In protest of inaction on climate agreements, more than 800 attendees in environmental and development groups walked out of the recent COP19 UN climate summit in Warsaw. Their action followed a walkout of the G-77 group of developing nations. However, inaction did not pose the only threat to the countries most vulnerable to climate change. Rather, the REDD+ agreement reached at COP19 puts developing countries under threat of being colonized for their carbon.
- 12/10/13: What has REDD done for land rights in the Congo Basin?
- 12/10/13: NIGERIAN: Wilmar International Announces Policy to Protect Forests and Communities.
- 12/08/13: WTO Protesters Denounce REDD Rice Reject carbon trading with food
- 12/06/13: COP19 Promotes Carbon Colonialism With New REDD+ Deal
- 12/06/13: Protest against California Governor Jerry Brown
January 31, 2014
(Forest guards arrive in Kenya's Embobut Forest in preparation for the evictions. © FPP)
Last year the Government of Kenya was getting “ready” for REDD in the Embobut Forest, now it is violently evicting the Sengwer People and forcing them “into extinction.” According to Survival International, “as many as a thousand homes have already been torched.”[i]
Sengwer spokesman Yator Kiptum denounced the “disaster” caused by combined force of the Kenya Forest Service and Administration Police, a paramilitary unit of the police, which is now evicting the Sengwer not just from the Embobut Forest but from the entirety of the Cherangany Hills, destroying property and burning homes. “The government of Kenya is forcing us into extinction," he said.[ii]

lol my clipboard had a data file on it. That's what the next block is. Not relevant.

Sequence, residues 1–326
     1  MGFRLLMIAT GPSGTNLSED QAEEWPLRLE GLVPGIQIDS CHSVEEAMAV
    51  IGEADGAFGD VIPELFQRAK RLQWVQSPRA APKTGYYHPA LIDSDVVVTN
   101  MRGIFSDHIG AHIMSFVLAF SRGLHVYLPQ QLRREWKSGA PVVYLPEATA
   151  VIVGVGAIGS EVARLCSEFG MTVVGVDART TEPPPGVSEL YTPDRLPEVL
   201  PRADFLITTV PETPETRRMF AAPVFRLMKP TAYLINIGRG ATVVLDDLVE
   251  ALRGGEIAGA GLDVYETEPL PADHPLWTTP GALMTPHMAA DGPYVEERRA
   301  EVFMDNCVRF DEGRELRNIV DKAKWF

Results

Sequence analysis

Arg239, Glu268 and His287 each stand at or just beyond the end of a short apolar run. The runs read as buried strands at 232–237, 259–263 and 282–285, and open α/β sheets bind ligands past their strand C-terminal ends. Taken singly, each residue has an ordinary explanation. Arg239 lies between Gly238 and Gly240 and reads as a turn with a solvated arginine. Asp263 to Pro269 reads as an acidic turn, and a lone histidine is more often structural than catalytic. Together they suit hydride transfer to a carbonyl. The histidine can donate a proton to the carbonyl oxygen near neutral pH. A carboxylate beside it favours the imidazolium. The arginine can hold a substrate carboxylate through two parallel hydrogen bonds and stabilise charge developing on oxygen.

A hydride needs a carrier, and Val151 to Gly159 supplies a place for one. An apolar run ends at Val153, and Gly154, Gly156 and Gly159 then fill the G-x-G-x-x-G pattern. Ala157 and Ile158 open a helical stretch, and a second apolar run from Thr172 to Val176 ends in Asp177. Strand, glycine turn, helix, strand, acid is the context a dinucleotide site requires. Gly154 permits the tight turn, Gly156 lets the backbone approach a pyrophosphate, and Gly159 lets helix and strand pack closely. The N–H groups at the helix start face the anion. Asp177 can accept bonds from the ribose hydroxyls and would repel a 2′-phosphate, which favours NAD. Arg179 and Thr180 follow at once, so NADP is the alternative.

Thousands of indigenous Sengwer/ Cherangany people in Embobut Forest, Kenya, are threatened with eviction from their forest homes by January 2nd 2014.
For many years the Government of Kenya has been trying to move the indigenous Sengwer/ Cherangany of Embobut forest off their ancestral land by burning their homes. The Government has done this in the name of a (long since discredited) fortress conservation approach: seeking to remove local people from their lands, rather than support them in protecting their forests. Such an eviction is illegal under the Kenyan constitution, and under the international treaties signed by Kenya.
Though it is now fading, great expectations were placed on REDD (reducing emissions from deforestation and forest degradation) as a means to fund better forest protection in the Congo Basin and elsewhere. But in what ways has REDD strengthened or weakened land and resource rights of forest communities?
As most readers will be aware, virtually all forest land in the Congo Basin officially belongs to the state, and forest communities have no land titles to areas they have in some cases inhabited for generations. As well as being fundamentally unjust, this situation increases the insecurity of communities’ lives and according to studies leads to increased deforestation and degradation. In-country and international groups, such as the Rainforest Foundation UK, have been calling for recognition of these rights, which are enshrined in international law.
At COP19, REDD+, a global carbon trading scheme, was passed. This jeopardizes the rights and resources of local communities throughout the global south, because of the prevalence of carbon-market-driven land grabs.